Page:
Now, if you want a definition of what amazing grace, there it is.  At least that’s one way that I have experienced it in my life.   I tried to get this same “grace” from a Highway Patrolman once, when I was caught speeding in Lincoln County.   I had the flu and was hurrying home from college.   I was doing 66 in a 55 zone when he stopped me.   We sat in his car and talked a long time.   I hoped that telling him I had the flu and fever, would get his sympathy, but I couldn’t talk him out of it.   It was the last speeding ticket I’ve received and it was over 37 years ago.  I guess you could say there is even some ‘grace’ in fact gained a good lesson for life, but it didn’t feel like grace at the time. 

Grace is cornerstone of Christian living, but just what is ‘grace’?   Last week we learned that the Christian Life is founded upon thankfulness in all things.  As Christians, we are to live in a continual spirit of gratitude and thanksgiving, because life is a gift.  Today, we want to also understand that the gift we should be most thankful for in life is ‘grace’. 

In Bible, ‘grace’ is, for the most part, a Christian word.   Although Israel’s God is revealed as both “gracious” and  full of “mercy” (Ex. 33.19-20), the fullest understanding of grace does not appear we come until Paul begins to interpret the good news of Jesus Christ.   “Grace to you!” Paul writes over and over to begin his letters (Rom. 1.7; 1 Cor. 1.3; Gal 1.3, Eph. 1.2; Phil 1.2).  He wants his readers to know just how important, foundational and amazing grace is.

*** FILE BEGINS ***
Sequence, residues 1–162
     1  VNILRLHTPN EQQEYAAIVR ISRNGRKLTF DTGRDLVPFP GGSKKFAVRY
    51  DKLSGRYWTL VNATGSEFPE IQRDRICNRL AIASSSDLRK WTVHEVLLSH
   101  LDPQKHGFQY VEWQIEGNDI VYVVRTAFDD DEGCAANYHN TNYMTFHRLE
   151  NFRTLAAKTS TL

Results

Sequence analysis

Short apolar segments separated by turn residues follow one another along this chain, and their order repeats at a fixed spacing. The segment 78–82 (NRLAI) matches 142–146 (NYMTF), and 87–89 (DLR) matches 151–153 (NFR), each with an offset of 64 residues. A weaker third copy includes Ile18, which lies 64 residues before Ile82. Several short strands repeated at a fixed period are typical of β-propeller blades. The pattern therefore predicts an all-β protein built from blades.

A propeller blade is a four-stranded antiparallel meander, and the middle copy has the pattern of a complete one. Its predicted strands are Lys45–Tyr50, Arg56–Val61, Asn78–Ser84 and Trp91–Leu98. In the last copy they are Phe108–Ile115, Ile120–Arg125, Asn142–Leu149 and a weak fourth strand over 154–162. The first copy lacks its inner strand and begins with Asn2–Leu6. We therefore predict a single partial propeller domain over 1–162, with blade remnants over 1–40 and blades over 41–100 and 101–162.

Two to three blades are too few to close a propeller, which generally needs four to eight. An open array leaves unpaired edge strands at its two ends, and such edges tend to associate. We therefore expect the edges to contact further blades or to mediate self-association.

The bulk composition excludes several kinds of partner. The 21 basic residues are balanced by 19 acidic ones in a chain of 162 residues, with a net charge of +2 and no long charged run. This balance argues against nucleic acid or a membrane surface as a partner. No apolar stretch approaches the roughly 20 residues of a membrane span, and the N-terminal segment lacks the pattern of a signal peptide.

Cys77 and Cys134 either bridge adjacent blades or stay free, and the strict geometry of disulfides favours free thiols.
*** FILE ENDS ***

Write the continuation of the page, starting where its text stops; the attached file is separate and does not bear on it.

Before we can grasp the full impact of Paul’s first detailed description of grace, we need to understand what Paul means when he says that both Greek and Jew (‘there is no distinction’) are captured ‘under’ the ‘power of sin’ so that none are righteous; not one or any of us.  Based on the Hebrew Bible, Paul makes his case unmistakable:  “No one has understanding… No one seeks God.  All have turned aside…. no one shows kindness… there is no fear of God…(3: 11-18).  While Paul is talking specifically about his own world, he could be talking about our world too, made of Jews, Americans, Europeans, Arabs, Asians or Africans.  It doesn’t matter who we are or when or where we live.  Sin is a force of its own, and it has the human race within a powerful grip of deception, destruction, and death.